I was playing the card game “Go Fish” with my four and a half-year-old grandson the other day when he said, “It’s OK not to win, isn’t it?”
That was a bit of a surprise, as in the last six months or so he’s found a way to turn every possible kind of play into a game that has a score and a winner. Plus, he’s been quite skilled at setting the rules, and resetting them, to favor himself.
So clearly I was surprised when he came up with the question about not having to win.
Was some part of his parental unit trying to teach him about winning and losing? Has a teacher or a coach said something to him? Just what was going on here.?
And what should I tell him?
Growing up, winning at any and all games was crucial to me, whether it was a Monopoly game, playing ping pong, participating in a Little League baseball game, or attending a Red Sox game with my wonderful grandfather. I was so intense at all competition that a loss would frequently end in tears. I was so focused on winning that one year my parents almost didn’t let me return to the summer camp I attended in New Hampshire because I came home following two days of “Color War” not able to speak a complete sentence. (I stammered growing up and the intensity with which I approached two days of camp rivalry always resulted in the worsening of my stammer.)
Further Digression: I was so intense that according to my counselor, I got up one night after the opening day of “Color War” and in my sleep, walked all the way across the camp to the leader of my team and told him “Don’t worry. We’ll beat them tomorrow.” I then returned to my bunk and continued sleeping.
It has taken me years to learn to accept losing, and I still don’t do it too well.
Particularly when it involves my Red Sox.
In fact, my wife Ellen said the other day she knew the Sox must have been losing a few games because I was so grumpy.
She’s right, but don’t tell her.
While I am less competitive in most aspects of my life now than I was for most of my previous 70 years, that doesn’t seem to apply to watching, listening to, or attending a Sox game.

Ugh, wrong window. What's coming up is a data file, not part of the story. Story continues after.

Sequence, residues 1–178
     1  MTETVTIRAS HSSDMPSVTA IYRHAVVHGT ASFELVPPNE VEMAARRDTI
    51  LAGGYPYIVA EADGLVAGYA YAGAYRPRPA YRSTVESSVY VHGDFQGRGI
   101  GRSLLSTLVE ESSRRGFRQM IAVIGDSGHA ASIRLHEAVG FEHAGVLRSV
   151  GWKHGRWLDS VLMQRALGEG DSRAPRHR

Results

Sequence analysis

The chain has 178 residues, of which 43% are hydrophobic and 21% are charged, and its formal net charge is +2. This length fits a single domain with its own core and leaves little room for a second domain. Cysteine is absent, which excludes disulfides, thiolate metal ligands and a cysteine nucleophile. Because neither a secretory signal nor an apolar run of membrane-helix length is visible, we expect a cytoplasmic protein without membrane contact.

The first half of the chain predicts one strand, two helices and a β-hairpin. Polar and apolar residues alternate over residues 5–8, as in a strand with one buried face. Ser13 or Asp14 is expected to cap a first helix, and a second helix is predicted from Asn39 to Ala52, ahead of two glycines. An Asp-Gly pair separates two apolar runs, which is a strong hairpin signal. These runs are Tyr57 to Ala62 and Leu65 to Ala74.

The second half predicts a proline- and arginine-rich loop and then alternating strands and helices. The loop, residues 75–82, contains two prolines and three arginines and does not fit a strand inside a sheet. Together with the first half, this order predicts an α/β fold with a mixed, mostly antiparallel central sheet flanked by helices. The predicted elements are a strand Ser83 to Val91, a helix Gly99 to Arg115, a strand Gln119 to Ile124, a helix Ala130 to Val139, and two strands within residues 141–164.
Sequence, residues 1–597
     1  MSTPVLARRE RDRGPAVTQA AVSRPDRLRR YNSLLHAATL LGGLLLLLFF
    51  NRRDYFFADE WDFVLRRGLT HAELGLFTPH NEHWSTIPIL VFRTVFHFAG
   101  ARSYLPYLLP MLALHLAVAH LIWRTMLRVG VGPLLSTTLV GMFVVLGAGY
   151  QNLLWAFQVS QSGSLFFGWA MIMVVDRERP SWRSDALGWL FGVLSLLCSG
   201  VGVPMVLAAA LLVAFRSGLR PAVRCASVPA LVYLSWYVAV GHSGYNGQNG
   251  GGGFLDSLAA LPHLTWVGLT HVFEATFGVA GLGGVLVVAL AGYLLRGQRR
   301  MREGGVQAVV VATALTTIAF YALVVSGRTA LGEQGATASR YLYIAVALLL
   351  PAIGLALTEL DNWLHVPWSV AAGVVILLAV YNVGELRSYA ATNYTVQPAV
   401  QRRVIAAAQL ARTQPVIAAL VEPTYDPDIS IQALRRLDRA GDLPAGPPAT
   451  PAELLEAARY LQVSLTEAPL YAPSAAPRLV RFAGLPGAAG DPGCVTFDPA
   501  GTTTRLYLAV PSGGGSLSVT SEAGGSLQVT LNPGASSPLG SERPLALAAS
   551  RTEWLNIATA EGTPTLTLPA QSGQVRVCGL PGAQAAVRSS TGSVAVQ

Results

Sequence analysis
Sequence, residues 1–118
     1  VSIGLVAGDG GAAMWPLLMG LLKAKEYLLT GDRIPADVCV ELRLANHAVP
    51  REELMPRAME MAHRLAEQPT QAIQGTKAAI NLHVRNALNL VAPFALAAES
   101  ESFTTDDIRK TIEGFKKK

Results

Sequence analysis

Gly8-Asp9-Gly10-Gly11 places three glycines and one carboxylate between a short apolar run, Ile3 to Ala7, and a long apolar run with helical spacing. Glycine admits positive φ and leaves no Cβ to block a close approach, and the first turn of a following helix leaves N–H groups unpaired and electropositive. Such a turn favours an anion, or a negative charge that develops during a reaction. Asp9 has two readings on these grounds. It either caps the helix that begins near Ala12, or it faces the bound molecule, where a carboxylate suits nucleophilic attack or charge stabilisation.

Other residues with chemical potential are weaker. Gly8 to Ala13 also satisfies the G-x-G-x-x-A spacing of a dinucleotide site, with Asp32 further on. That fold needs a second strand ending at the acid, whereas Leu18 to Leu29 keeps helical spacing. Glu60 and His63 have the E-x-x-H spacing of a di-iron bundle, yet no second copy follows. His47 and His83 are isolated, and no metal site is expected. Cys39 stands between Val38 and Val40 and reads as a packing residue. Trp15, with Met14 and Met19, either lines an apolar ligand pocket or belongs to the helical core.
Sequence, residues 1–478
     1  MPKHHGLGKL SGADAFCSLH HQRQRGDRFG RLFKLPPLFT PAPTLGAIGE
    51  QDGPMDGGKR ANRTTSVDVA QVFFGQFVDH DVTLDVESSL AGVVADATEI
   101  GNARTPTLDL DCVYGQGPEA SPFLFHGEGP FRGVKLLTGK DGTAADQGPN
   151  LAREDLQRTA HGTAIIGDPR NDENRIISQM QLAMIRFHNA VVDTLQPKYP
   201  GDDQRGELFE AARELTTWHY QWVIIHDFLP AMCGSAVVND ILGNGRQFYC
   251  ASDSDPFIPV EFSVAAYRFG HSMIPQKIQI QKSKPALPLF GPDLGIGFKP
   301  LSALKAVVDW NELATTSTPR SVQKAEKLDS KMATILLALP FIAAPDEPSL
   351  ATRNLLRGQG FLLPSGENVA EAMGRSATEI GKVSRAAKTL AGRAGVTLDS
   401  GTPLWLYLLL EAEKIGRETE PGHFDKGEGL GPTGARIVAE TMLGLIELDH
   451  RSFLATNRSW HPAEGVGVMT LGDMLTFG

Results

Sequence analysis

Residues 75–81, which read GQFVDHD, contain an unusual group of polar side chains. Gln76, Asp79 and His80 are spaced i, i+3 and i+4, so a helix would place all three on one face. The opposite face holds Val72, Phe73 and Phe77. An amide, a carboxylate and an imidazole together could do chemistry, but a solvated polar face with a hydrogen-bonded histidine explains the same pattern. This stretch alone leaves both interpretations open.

Former Nats’ GM Jim Bowden, according to my friend Dave E., once said, “Baseball is more fun when you score more runs than the other team.”
That’s definitely true for me when I watch a Nats’ game (an adopted team that I follow because I made the mistake (good decision?) of not settling in Boston. It’s more fun to watch when the Nats win. When they lose, it’s a bummer. But it’s not like a Sox loss.
A more accurate statement for me than Bowdens’ would be something like, “It’s excruciatingly painful when the Sox don’t score more runs than the other team.” I just came across this good article by a Ted D. Smith about how baseball will always break your heart. He writes, “The more you love the game, the worse the pain will be.”
But to return to my ‘playing games’ with my grandson and what I should teach him. I’m not sure I want to do to him what I did to my younger daughter (“I Blame You”).
I’m in the early stages of introducing him to Major League baseball, and he was not happy when the Nats lost the game we attended a few weeks ago.
Thanks to some good advice from MillersTime readers (see “A Dilemma Resolved”), I am doing my best at not trying to turn him into a Sox obsessive. It’s probably a good thing that I mostly take him to Nats’ games, and he doesn’t see what happens to me when the Sox lose.
But seriously, what is the best message to give?
Try to win, always?
If you’ve done your best, then the winning isn’t all?
It’s OK to lose?
You don’t have to win?
Of course we are talking here about more than just baseball.
Should I reinforce his “It’s OK not to win”?
I don’t believe that, of course.
But I also don’t want to saddle him with the pain I’ve felt over the years at losing.
Maybe I should just nod my head (in agreement) when he talks about “not having to win”.
Maybe I should learn from him.
I welcome your advice.